Open Accessibility Menu

Coronavirus (COVID-19) Update - We are reopening slowly while keeping your safety in mind.

Click here to learn more.

Coronavirus (COVID-19)

What You Need to Know about Coronavirus Disease 2019 (COVID-19)


An Update from The GW Medical Faculty Associates - May 28, 2020

While we have remained open during this pandemic, we appreciate your patience as we worked to limit COVID-19 transmission through reduced schedules. We are now ready to welcome you back to our clinics, and as of Friday, May 29, we are rescheduling urgent elective procedures. Your health and those of all people in the capital region is our top priority. As your caregivers, we want to ensure that we are able to meet your needs during the Coronavirus (COVID-19) pandemic. Please visit our reopening page for more information on resuming in-person services, and the current precautions we are taking at our locations.

As a reminder, We urge anyone with fever, cough and shortness of breath to call your provider first. We have testing available for COVID-19 at our GW Immediate & Primary Care sites and also weekdays at our Ambulatory Care Center at 22nd & I St., NW.

Virtual Health Visits Available

We are offering virtual health visits for almost all of our specialty care areas. Please contact your provider to schedule your virtual health visit, or call (202) 677-MED3 (6333). It’s easy, convenient, and safe.

Drive-Through Testing Site

GW is now offering an appointment-only COVID-19 testing site for adults with a provider referral. Our drive-through and pedestrian test collection sites will be open for testing in Washington, D.C. from 10:00 am to 2:00 pm, on Tuesdays and Thursdays. The drive-through testing site will be at 20th and H Streets NW (cars entering at 22nd and H Street NW) and pedestrian testing will be at 22nd and I St NW. Please visit for more information.

You must have a physician referral to make an appointment. Testing is by appointment only. We are offering a walk-up option for patients without a car. These on-site testing options are a service of the George Washington University Hospital, Medical Faculty Associates and the School of Medicine and Health Sciences. Please visit

Patient/Visitor Guideline Update

In an effort to minimize the risk of COVID-19 transmission and provide a safer environment and promote social distancing which is recommended by the CDC, we are asking that patients limit the number of people accompanying them to an appointment to no more than one person. Additionally, we are respectfully asking that children not accompany any adult patients, unless there is a medical necessity. Thank you for understanding our need to do so and for helping us keep you and our greater community healthy.

We are also asking any patients with a cough, shortness of breath or fever to please wear a mask before entering our facilities. Hand washing, social distancing, and self-isolation are still the best ways to prevent this virus from spreading more widely. We are committed to providing the best care to you and will continue to give you the best guidance we can.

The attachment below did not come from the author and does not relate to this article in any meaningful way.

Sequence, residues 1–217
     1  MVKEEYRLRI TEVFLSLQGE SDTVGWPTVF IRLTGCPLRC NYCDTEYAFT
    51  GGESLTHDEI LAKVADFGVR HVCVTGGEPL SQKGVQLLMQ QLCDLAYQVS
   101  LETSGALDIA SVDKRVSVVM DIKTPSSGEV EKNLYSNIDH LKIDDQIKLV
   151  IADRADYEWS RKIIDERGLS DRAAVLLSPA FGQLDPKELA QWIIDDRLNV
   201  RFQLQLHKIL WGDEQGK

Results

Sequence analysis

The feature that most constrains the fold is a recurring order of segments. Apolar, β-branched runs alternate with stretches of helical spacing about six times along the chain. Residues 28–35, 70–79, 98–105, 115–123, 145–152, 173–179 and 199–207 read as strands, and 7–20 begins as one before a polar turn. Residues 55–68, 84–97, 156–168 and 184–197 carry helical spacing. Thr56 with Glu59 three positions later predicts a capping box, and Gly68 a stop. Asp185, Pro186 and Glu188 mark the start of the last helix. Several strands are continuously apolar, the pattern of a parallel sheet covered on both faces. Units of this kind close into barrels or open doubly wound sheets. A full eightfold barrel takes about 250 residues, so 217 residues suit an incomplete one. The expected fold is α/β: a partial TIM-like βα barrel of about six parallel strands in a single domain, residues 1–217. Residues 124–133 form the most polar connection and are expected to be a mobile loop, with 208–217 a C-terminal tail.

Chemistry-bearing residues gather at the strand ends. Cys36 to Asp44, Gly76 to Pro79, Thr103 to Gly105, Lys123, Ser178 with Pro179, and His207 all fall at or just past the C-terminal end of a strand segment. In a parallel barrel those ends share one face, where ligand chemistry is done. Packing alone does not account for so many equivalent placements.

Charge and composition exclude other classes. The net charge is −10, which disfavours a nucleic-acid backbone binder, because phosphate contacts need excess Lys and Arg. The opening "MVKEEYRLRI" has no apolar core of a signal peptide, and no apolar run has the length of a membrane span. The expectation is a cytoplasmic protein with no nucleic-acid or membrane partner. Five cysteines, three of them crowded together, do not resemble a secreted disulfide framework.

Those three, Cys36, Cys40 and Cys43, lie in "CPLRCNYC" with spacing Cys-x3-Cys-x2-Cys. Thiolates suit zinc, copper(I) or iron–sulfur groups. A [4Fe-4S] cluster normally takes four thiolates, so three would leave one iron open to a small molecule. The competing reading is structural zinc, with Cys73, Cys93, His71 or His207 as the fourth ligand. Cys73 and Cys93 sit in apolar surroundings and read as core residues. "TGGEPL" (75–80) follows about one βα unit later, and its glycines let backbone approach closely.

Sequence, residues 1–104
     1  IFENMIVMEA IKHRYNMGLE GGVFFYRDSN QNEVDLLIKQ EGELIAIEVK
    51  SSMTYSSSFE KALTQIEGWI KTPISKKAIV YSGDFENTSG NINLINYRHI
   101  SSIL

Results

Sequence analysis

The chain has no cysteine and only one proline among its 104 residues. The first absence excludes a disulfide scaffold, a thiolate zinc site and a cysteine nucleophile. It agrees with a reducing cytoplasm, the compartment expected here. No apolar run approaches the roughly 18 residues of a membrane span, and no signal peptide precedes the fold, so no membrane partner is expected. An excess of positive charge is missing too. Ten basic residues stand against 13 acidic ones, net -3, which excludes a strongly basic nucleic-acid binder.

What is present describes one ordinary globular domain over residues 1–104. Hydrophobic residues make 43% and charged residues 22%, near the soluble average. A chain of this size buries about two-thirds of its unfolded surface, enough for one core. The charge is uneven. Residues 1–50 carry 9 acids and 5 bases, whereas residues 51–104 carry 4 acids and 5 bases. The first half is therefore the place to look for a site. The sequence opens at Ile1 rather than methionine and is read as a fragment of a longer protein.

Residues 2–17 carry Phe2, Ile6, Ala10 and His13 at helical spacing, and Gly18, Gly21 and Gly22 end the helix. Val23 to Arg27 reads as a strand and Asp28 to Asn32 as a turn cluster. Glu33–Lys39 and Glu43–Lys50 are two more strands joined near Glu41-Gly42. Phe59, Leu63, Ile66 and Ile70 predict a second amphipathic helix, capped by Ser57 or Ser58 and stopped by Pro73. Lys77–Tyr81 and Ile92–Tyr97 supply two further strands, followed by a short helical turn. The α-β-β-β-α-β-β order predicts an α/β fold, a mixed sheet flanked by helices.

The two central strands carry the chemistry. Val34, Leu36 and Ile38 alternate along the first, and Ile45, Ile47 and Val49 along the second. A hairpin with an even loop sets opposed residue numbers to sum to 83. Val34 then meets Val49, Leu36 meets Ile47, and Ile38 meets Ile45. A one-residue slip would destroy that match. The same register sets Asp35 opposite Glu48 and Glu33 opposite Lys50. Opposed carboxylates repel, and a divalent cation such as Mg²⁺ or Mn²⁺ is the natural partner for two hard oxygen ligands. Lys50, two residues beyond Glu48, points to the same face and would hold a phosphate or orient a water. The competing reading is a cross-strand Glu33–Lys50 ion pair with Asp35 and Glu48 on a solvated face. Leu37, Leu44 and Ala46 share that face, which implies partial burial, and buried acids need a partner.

Thank you for your patience, we will be working with you to make sure we keep you and our community healthy. The GW Medical Faculty Associates will continue to provide updates as the situation evolves.

Rescheduled Appointments

Due to COVID-19, we will be reaching out to you to reschedule any non-essential appointments (re: physicals, annuals, and other well visits) until further notice. The GW Hospital will be limiting visitors to keep patient population safe and reduce risk of COVID 19 transmission. If you have the following symptoms: shortness of breath, fever, cough, reach out to your provider before visiting the doctors office.

Visit the GW Immediate & Primary Care website for the latest information on operational hours and services available at each site. You can also call ahead if you have questions. We are proud of our staff who are working during this time, and pledge to you our highest service possible during this pandemic.

GW Cancer Center (GWCC) - General Guidance for Patients

At the GWCC, the safety of our members, staff and in particular our cancer patients, many of whom are immunocompromised, is a top priority. In the setting of the COVID-19 pandemic, we understand that our cancer patients may have more concerns than the general population about contracting the virus. We are hard at work developing strategies to continue to deliver comprehensive care while minimizing unnecessary exposure of our patients within our clinical setting.

CLICK HERE for information for patients with upcoming doctors visits and upcoming infusion visits on the GW Cancer Center website.

Help Prevent the Spread of Coronavirus (COVID-19)

If you think you’ve been exposed to COVID-19 (2019 novel coronavirus), it’s important to prevent the spread of the illness to other patients, health care providers, your family, and the broader community.

Remember: Not everyone needs to be tested. If your symptoms are mild and you have no complex medical issues, please stay home and self-isolate. If you’re concerned that you’ve been exposed or have a general question about COVID-19, you can call:

  • The GW Medical Faculty Associates at 202.741.3000 (8:00 am to 4:30 pm - Monday to Friday)
  • Our triage team will ask you a few questions and determine if you will need to be contacted by our triage nurses or provided more detailed information regarding your needs.
  • After hours, please call the GW Hospital Emergency Department at 202.715.4000